The Braves came, the Phillies conquered. The Phils needed one win. They probably hoped for two. Three is almost an embarrassment of riches. But unfortunately that's not the real story from last night's 3-2 Phillies win over the Braves.
It's not even Ross Gload's league-leading 17th pinch hit, a walk-off ninth inning single that drove in the winning run.
Or Roy Oswalt looking like the Oswalt of old, carrying a no-hitter into the sixth and throwing a fastball that averaged 92.2 mph.
No, it wasn't Raul Ibanez continuing his hot streak, slamming the 250th home run of his career in the second inning.
Unfortunately, the story as we wake up on this rainy Thursday morning is the 90-plus-mile-per-hour fastball that hit Chase Utley square in the back of the helmet, so hard it left a mark. Utley didn't seem to duck or flinch, leading some to think that it was the old Utley "taking one for the team," anything to get on base. But according to Charlie Manuel after the game, Utley didn't see the ball coming toward his head.
Although he initially stayed in the game, Utley started to develop a headache while in the field in the seventh and was taken out for a pinch hitter in the eighth. Team doctors decided late last night that Utley would not fly with the team to Milwaukee, where his Phillies will begin a four-game series against the Central Division-leading Brewers. Instead, he will consult with doctors about a possible concussion.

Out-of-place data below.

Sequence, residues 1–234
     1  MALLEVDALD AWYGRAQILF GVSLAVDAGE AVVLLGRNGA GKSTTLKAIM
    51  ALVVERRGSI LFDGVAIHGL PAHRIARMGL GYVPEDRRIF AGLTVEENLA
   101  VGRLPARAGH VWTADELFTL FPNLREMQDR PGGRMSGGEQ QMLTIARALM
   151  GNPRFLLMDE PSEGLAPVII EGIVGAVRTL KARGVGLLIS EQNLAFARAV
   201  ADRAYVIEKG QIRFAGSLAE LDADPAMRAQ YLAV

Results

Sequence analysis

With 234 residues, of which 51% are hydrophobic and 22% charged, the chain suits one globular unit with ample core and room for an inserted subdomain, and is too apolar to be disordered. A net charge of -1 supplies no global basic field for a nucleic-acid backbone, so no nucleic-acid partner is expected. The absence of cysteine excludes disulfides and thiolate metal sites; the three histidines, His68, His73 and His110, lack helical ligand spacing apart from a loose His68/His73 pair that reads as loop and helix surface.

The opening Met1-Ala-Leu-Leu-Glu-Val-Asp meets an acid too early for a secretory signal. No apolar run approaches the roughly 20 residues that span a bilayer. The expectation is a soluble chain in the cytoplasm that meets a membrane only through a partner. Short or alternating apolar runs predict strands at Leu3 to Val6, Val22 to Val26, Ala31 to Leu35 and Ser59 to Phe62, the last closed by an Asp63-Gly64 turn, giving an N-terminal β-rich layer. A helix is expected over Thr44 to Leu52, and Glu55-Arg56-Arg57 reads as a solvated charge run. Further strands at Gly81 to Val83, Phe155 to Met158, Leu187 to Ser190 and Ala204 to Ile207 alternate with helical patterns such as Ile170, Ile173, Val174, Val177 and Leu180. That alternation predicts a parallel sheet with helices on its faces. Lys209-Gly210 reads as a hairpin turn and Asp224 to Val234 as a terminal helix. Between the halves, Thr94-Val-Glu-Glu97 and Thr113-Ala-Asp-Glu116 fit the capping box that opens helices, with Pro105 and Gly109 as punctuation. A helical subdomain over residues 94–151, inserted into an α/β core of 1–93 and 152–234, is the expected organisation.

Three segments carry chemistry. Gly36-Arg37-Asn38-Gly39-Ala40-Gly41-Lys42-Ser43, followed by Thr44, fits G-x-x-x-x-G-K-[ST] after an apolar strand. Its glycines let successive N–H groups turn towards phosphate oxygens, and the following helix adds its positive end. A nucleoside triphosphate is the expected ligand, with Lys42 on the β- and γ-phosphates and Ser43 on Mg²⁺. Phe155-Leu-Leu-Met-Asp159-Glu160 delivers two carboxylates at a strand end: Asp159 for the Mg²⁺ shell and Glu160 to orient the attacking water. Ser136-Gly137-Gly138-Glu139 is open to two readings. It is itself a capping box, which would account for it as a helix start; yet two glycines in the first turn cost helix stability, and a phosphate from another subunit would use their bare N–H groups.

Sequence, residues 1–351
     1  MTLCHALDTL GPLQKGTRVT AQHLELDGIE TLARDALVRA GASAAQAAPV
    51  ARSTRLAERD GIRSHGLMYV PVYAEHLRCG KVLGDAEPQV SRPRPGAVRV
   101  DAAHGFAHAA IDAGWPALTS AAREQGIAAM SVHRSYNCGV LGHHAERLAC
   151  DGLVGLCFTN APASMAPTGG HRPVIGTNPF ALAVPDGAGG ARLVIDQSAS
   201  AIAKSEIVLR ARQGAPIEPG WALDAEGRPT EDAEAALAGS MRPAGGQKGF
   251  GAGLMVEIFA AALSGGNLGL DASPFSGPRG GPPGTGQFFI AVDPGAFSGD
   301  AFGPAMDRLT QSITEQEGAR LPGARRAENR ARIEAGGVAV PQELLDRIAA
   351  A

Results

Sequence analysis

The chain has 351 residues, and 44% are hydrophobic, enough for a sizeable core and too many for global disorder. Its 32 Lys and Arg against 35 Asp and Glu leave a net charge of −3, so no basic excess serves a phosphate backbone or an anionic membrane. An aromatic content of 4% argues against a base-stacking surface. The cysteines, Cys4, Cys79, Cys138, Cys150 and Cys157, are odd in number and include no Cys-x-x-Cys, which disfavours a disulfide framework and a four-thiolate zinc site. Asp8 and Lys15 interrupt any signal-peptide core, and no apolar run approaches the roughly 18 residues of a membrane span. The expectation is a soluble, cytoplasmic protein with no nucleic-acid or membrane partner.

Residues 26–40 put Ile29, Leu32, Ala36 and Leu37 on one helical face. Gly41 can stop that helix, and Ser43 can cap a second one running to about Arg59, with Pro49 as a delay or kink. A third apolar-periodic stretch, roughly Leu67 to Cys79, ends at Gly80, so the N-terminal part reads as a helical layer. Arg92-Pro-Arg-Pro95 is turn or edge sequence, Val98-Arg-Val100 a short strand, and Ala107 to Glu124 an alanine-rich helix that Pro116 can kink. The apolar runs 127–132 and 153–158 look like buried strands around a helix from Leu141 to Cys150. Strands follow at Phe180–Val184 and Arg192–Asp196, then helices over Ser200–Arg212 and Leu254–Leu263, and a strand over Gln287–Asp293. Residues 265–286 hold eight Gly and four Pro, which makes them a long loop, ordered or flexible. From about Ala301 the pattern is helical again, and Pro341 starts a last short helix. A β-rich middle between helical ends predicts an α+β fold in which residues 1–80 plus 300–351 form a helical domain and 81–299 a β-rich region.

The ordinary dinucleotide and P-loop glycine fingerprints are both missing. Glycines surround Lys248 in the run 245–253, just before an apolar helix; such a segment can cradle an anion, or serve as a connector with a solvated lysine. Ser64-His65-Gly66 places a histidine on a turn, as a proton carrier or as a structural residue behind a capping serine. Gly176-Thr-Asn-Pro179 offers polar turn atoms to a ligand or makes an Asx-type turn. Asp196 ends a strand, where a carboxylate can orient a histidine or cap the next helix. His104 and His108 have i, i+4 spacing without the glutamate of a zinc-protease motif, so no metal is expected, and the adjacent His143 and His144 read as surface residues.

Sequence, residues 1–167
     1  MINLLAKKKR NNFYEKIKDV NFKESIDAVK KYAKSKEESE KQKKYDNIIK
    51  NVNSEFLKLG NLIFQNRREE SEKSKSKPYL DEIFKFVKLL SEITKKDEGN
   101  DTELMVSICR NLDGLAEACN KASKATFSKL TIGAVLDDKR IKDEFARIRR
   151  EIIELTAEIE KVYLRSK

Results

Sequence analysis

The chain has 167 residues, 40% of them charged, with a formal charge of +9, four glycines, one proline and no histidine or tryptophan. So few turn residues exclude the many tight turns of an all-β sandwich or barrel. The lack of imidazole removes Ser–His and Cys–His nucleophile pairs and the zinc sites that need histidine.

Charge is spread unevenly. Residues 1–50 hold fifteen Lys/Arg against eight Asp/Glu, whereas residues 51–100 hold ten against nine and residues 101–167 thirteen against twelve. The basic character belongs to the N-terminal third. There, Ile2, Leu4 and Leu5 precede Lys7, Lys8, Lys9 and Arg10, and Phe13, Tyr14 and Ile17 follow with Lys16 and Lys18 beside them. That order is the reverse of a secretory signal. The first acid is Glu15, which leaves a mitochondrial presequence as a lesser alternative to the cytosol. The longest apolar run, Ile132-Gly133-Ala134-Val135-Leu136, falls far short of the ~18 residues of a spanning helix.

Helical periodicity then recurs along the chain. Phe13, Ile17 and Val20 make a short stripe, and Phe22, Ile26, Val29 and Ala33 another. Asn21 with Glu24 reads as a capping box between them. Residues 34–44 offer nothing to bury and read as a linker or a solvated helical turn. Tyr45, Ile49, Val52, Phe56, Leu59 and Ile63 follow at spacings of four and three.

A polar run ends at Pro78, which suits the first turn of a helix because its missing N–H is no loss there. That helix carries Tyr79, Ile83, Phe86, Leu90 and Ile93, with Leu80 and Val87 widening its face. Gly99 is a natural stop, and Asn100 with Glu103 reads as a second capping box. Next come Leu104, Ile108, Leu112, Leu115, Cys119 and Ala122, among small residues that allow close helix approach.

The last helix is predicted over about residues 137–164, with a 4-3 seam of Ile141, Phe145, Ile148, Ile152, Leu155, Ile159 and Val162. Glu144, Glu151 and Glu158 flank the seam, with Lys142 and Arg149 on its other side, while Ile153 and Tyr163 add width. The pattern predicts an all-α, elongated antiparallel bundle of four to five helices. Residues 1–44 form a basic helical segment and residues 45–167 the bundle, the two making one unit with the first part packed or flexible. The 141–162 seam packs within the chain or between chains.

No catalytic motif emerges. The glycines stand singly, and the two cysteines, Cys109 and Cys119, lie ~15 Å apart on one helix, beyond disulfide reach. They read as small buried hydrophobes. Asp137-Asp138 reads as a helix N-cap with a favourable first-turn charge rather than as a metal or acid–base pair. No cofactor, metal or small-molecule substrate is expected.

Utley will have to wait several days before taking what is called the ImPACT concussion test. Those results will then be compared with a baseline test given to all players in spring training. That will determine when Utley can return to playing baseball. According to Phillies GM Ruben Amaro, the Phillies don't want to take any chances:
"We think it's very, very mild, but we're going to be cautious with him, obviously. You don't want to mess with the head," Amaro said.
No, you don't. We've all heard those stories by now of athletes who suffer from concussions and can never quite seem to make it back all the way. They most often happen in the high contact sports of football or hockey where fear of a repeat hit remains —not so much in baseball where the odds of a 90 mph fastball hitting you in the odd are not high at all.
But unfortunately it does happen. Just ask Chase Utley, who has a grey mark on his batting helmet and a headache to prove it.
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